As organizations across the country make the tough decisions to furlough or lay-off employees amid the Corvid-19 pandemic, managers and leaders have the difficult task of sharing the bad news, often via hastily scheduled video conferences that lack the empathy such dispiriting dispatches desperately need.

Managers who know their way around the technology certainly have a leg up, but simply Zooming our way through meetings that further upend the lives of people already steeped in uncertainty the same way we’d conduct a webinar on, say, productivity, betrays a lack of emotional intelligence and undermines the reputation of the leaders running these meetings.

We should practice social distancing, not emotional distancing.

Some ideas for improving these calls:

Don’t read from a script in your best robot voice. You may have been given a script with all the details pertinent to the situation at hand. Resist the temptation to read from it and instead try to memorize the gist of the message and share it with empathy and compassion. Think of how your words affect the lives of your colleagues and relate whatever advice and support the company can offer to soften the blow.

Don’t hide behind jargon. Presenting information in language that requires specialized knowledge, peppered with HR and legal terms, often leaves a mixed audience confused and unable to draw the correct conclusions. Instead, speak in clear and unambiguous language. Simplify anything that seems complex. From health-coverage to unemployment eligibility to available grants—anticipate questions and prepare straight-forward answers in advance. Administrative details can be sent via email for reading and reference in emotionally less fraught moments.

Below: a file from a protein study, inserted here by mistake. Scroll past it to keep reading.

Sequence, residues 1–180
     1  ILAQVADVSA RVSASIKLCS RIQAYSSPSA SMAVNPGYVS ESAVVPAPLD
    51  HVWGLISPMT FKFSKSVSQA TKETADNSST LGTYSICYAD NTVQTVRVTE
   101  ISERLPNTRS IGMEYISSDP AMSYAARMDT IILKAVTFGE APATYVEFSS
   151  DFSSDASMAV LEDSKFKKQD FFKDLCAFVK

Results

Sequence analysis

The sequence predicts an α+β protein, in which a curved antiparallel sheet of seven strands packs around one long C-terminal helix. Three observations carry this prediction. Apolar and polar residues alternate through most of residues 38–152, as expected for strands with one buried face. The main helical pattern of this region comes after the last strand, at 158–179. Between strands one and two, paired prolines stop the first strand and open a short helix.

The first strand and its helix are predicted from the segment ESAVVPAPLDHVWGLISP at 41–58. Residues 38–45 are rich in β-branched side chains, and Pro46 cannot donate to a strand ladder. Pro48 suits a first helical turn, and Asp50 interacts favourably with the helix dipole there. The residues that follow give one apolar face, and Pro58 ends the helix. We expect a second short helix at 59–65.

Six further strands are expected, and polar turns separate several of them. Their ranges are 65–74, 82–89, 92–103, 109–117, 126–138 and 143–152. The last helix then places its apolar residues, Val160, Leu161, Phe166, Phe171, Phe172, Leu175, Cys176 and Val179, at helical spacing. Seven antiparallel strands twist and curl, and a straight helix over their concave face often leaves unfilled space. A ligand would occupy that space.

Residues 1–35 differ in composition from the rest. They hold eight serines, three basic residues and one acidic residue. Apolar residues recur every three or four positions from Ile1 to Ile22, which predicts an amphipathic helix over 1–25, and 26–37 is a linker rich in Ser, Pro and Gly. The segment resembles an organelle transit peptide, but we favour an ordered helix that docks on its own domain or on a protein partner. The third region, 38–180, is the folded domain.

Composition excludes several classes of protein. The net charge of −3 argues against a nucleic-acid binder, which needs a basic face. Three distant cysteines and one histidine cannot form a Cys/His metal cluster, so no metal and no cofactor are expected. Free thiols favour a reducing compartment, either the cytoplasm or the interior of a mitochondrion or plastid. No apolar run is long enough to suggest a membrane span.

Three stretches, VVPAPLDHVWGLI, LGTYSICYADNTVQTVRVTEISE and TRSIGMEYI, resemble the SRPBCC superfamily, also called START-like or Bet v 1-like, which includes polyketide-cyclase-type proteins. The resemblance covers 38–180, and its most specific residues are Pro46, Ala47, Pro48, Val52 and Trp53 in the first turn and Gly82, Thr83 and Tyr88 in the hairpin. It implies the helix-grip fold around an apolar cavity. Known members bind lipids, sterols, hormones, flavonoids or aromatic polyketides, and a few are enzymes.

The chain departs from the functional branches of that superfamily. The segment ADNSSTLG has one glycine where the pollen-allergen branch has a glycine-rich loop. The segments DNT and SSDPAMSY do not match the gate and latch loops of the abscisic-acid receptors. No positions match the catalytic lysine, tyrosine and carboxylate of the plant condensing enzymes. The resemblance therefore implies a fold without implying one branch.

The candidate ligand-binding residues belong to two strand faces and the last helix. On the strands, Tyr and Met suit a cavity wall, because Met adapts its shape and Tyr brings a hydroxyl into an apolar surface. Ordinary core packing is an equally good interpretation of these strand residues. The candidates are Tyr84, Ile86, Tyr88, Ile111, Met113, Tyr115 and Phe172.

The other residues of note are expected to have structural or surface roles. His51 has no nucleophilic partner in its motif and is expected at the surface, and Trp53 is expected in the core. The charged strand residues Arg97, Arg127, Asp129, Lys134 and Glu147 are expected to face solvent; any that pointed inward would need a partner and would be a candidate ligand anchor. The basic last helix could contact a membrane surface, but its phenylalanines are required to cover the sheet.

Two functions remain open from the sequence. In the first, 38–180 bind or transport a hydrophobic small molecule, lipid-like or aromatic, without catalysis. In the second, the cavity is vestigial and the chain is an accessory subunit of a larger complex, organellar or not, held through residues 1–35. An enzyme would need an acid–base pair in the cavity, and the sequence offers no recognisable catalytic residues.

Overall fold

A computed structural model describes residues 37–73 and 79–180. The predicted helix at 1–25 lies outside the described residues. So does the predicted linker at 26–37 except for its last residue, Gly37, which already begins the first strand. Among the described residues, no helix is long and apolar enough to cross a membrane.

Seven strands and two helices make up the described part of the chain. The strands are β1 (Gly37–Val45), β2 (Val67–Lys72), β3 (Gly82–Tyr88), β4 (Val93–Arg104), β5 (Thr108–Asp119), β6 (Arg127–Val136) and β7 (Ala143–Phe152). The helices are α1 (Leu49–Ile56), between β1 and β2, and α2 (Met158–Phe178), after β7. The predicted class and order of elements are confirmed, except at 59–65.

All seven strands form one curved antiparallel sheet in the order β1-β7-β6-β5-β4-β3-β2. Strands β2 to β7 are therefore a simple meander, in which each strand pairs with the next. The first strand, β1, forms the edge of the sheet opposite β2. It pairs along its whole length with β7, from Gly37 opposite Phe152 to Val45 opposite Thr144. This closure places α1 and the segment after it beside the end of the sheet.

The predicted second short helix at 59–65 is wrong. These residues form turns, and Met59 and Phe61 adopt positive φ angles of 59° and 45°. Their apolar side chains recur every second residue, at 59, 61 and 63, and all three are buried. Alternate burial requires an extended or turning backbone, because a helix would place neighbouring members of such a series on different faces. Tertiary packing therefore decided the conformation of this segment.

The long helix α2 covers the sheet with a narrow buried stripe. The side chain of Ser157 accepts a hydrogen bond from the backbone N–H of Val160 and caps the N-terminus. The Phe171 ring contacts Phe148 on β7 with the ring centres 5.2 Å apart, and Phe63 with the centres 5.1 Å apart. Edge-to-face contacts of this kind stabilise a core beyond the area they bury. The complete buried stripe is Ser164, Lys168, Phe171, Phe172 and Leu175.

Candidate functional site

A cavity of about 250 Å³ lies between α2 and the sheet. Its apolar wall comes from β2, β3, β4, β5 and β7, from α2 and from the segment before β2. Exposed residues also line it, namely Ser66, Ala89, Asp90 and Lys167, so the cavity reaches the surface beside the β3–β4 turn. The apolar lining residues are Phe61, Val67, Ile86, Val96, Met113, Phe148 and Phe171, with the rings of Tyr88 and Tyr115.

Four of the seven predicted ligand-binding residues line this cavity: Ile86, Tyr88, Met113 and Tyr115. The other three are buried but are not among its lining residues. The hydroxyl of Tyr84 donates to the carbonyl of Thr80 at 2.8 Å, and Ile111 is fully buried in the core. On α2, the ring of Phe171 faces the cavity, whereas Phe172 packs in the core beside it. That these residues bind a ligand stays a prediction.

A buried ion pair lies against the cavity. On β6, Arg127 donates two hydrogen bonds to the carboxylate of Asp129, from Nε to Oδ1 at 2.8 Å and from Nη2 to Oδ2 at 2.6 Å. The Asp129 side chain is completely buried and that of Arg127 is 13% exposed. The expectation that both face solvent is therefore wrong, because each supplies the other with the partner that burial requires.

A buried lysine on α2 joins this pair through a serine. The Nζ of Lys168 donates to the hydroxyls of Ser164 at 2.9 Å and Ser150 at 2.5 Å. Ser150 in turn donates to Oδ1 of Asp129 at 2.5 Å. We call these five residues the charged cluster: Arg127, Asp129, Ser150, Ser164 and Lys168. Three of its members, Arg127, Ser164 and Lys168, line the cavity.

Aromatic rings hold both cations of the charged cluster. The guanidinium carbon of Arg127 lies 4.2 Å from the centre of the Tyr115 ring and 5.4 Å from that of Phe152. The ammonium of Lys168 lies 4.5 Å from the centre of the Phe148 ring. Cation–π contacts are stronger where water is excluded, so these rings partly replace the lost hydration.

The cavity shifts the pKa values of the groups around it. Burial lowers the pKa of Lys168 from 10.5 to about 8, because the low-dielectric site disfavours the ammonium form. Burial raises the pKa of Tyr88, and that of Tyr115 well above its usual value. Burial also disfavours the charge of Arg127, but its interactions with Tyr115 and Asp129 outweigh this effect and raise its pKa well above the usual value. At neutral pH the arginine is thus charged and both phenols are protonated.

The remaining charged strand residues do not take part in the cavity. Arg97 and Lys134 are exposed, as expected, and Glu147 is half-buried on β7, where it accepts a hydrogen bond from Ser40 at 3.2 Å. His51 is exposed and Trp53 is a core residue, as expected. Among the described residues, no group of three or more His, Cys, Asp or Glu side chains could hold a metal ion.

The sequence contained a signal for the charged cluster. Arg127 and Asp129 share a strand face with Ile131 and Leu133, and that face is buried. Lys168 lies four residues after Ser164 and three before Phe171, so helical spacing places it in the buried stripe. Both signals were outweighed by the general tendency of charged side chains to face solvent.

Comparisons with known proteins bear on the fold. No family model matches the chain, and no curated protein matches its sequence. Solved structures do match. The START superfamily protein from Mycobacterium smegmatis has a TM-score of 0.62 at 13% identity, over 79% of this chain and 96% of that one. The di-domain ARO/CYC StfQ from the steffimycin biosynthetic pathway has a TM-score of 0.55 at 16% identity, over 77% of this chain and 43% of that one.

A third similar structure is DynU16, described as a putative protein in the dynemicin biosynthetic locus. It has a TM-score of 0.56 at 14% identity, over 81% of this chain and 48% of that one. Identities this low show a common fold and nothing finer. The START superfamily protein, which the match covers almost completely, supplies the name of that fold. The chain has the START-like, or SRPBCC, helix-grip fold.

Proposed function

Don’t sugarcoat bad news. Managers who beat around the bush with disingenuously polite lead-ins and meaningless platitudes are viewed less favorably than those who communicate with clarity and directness. Plus, by letting people know where they stand in an honest and thoughtful way, managers avoid sending mixed messages that leave room for interpretation, unnecessarily dragging out the uncertainty.  

Don’t become a ghost. Upon receiving bad news, our brain tends to initiate a stress response, releasing cortisol into our bloodstream that inhibits our analytic thinking and problem-solving abilities. As people are digesting the blow they just received, they’ll have lots of questions that will only come to them later when the stress response has abated. Let them know that you’ll be around, and that you’re available to answer questions at any time or direct them to others who can. Make it easy for them to reach you and get the information they need to plan next steps.

Don’t underestimate your own emotions. Emotions are contagious, and the way you feel as you deliver some of the most difficult news your colleagues are likely to ever hear, is sure to have an impact on their moods. Incidental emotions—frustration, anger or anxiety you carry over from an unrelated event or earlier interaction—are particularly insidious, as they can affect your mindset and may cause you to react impulsively to someone’s question or emotional venting. Calm and poise under pressure is what distinguishes those leaders who inspire others even in their darkest hour and who’ll be remembered for their humanity and honesty when people need it the most.